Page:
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Top 10 Mistakes Made by Developers on Recruitment Coding Challenge

| Comments best practices, learning, recruitment, self improvement


During the last few months I’ve been doing a lot of code reviews of simple code assignments that candidates get as a first recruitment task. This assignment requires basic programming skills like JAVA Collections API, design and some knowledge about best practices. The main purpose is to filter out developers who don’t fit the company. Getting through such code doesn’t seem entertaining. However, I came up with an idea to list 10 common mistakes. Make sure you avoid them next time when applying for a job position!

It’s for everyone, regardless of experience in IT. Developers with 2, 5, 7, or even 10 years of experience in programming commit the same mistakes all over again. It’s really disappointing to review a code of an ‘experienced’ developer who doesn’t know basics like: DRY, SOLID, etc. You don’t even need to read a book like Clean Code to have the basic feeling that SOMETHING in your code is not right.

There will be no good/bad examples, you can find everything easily explained on the internet. It’s just a simple summary which can be used as a check list for the future.

Top 10 mistakes:

  1. Creating over-engineered architecture/design solution. Remember about KISS - Keep It Simple Stupid! It’s the most basic of the principles. Code readability is one of the most important things. If other developers can’t read your code, you are doomed. You need to be able to write code that can be somehow maintained by other for next years.
  2. Not following well known and described best practices. Not following naming conventions, providing misleading domain names.
  3. Using a language which you haven’t been using for more than one year. It’s a trap, because on the face2face interview developers don’t know how to write simple test case in their own application.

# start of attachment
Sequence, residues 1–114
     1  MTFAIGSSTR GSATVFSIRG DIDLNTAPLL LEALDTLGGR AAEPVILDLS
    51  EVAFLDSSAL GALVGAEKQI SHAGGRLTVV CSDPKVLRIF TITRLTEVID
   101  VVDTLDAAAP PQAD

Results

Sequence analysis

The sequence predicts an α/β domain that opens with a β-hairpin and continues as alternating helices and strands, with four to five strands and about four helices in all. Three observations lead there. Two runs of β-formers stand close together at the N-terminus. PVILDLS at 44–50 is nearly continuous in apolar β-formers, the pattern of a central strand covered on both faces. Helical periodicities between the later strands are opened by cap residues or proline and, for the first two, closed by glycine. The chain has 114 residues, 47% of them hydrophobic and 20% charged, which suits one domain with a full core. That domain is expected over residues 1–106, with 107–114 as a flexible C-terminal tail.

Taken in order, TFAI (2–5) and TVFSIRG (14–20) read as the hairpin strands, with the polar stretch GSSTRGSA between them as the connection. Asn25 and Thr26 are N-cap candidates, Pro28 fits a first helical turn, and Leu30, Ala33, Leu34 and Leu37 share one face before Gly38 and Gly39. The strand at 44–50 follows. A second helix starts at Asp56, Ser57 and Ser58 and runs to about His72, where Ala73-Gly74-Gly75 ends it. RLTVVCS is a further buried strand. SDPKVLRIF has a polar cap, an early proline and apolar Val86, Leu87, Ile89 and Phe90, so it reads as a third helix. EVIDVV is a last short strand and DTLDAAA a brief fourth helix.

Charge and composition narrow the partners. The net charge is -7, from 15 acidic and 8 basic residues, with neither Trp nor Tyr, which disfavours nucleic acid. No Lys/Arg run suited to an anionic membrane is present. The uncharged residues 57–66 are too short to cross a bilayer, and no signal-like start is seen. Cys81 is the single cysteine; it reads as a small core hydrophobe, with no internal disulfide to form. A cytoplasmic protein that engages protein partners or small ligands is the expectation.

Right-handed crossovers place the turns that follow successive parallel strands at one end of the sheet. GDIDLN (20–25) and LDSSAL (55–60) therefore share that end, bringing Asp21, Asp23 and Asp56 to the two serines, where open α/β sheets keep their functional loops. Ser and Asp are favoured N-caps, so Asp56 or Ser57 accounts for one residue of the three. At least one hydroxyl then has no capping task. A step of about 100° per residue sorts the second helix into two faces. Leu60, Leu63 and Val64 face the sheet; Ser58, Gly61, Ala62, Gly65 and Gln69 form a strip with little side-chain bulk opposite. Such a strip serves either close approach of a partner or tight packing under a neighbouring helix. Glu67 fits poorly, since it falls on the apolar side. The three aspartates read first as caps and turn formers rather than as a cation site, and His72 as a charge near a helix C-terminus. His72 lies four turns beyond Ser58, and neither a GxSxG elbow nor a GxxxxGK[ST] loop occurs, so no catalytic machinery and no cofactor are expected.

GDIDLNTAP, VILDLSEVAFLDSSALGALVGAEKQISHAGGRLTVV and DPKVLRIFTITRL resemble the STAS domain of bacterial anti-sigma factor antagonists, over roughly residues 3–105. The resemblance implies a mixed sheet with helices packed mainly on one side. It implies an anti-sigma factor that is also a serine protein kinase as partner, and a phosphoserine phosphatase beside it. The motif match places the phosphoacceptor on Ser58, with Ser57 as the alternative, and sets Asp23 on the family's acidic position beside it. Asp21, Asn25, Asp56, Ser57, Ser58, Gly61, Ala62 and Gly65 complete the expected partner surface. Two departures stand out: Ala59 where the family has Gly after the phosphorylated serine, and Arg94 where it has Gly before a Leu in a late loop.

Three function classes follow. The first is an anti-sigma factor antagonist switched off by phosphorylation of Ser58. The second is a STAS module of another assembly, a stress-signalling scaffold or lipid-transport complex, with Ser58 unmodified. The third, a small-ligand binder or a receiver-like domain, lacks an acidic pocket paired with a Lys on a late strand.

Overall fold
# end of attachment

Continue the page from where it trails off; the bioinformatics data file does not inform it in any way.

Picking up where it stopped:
4. Duplicating the same code everywhere over and over again. Think about DRY - don’t repeat yourself, refactor your code (extract method, object etc), remember also about keeping your tests code clean.
  5. Not following SOLID principles. Lack of abstractions e.g DI, writing code that is hard to test. The Single Responsibility Principle violation, too much logic in single method, a lot of side effects. Lack of encapsulation, highly coupled classes and low cohesion are a sign of bad design.
  6. Not writing tests at all! Lack of unit and acceptance tests. Too small tests coverage, empty methods in tests (setUp, tearDown), multiple assertions for single object - use equals method for object assertion.
  7. Trying to reinvent the wheel. Implementing own LinkedList/Queue/etc. Providing own way for objects initialization - don’t you know about objects constructor?!
  8. Using tools in a wrong way. Not knowing tools that you’re using, using some legacy tools like ANT or no tools for dependency management at all. Pushing all of the dependencies jar’s into Git repository. Maven misconfiguration, test dependencies without test scope. Lack of Maven files structure convention, all files in the same package, no separation by features or domain.
  9. Not handling error cases correctly. Pokemon exception handling. Losing original cause message and exception stack trace.
  10. Using Git in a wrong way. Commits messages aren’t meaningful. Commits are too large. Compiled application jar file in VCS repository. Commented code in VCS repository.


Remember, before you commit your next solution, make sure that you’re following Clean Code, overall best practices, SOLID, DRY, KISS, DRY, KISS, AND DRY ONE MORE TIME! Make sure that you know how your tools work (build tool, dependency management, language, tests library, frameworks), know how to use GIT (c'mon… it’s already 2017). Focus on simplicity, do not over-engineere your solution and last but not least: provide proper test coverage of your code.